The Bafta-winning screenwriter Jimmy McGovern has condemned the “immoral” Fixed Odds Betting Terminals (FOBTs) piling misery on some of the country’s poorest communities.
McGovern, whose upcoming BBC series Broken looks at poverty in a working-class community in Liverpool, said debts were mounting as a result of the digital gambling games inside bookmakers.
FOBT gamblers are currently able to bet up to £100 per spin on the machines, allowing players to pile up losses dramatically quickly.
Those machines are fixed to make sure you lose
“There is a need to act on Fixed Odds Betting Terminals in poverty-stricken areas,” said the writer of Cracker, Hillsborough and The Streets.
“There is no economic argument for those machines at all. Those machines are fixed to make sure you lose. They are immoral. They should not be on our high streets. The rate of suicide would also go down if you banned them. It would help hundreds of people, maybe thousands.”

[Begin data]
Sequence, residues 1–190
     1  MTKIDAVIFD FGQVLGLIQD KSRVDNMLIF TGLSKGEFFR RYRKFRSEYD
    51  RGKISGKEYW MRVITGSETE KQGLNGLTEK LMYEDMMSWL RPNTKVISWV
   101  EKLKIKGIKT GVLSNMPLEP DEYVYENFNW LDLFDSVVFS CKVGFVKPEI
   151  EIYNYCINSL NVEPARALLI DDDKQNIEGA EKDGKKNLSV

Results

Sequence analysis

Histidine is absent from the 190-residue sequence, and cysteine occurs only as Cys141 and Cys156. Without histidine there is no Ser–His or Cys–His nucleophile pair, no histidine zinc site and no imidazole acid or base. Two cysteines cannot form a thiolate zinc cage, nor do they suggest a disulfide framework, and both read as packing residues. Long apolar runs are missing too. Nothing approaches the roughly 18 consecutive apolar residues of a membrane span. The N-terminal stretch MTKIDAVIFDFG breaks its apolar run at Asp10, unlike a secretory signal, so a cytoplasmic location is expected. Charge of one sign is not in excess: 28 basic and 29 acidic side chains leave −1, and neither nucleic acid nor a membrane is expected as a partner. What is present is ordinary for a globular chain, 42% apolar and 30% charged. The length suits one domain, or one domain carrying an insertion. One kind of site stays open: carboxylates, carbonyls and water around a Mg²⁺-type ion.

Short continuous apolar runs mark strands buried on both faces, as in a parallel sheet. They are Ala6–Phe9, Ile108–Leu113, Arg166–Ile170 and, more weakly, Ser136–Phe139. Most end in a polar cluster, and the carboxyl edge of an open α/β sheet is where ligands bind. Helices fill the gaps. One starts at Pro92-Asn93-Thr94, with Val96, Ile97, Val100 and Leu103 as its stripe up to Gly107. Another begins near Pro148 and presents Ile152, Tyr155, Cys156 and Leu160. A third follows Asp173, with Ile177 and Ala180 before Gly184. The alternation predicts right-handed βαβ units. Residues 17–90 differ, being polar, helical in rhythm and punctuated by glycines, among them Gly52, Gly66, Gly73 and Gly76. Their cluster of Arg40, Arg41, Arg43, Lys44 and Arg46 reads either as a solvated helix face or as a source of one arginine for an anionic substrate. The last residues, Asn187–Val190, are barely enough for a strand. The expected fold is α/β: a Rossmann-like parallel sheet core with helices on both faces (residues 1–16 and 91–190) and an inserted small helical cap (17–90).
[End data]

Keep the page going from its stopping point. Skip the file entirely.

Labour has pledged a crackdown on FOBTs, outlining a measure to reduce the maximum stake on the digital gaming machines to £2 in its general election manifesto.
The rate of suicide would also go down if you banned them
The Campaign for Fairer Gambling has found £470m is being lost to FOBTs each year in the country’s 55 most deprived boroughs.
And the right-leaning think tank Respublica has urged Theresa May’s party to follow Labour’s leader and restrict the impact of the machines.
“Self-regulation has failed; we are making the conservative case for a much lower limit to secure family life and promote prosperity,” said director Phillip Blond.
Broken starts 9pm, Tuesday 30 May, on BBC1
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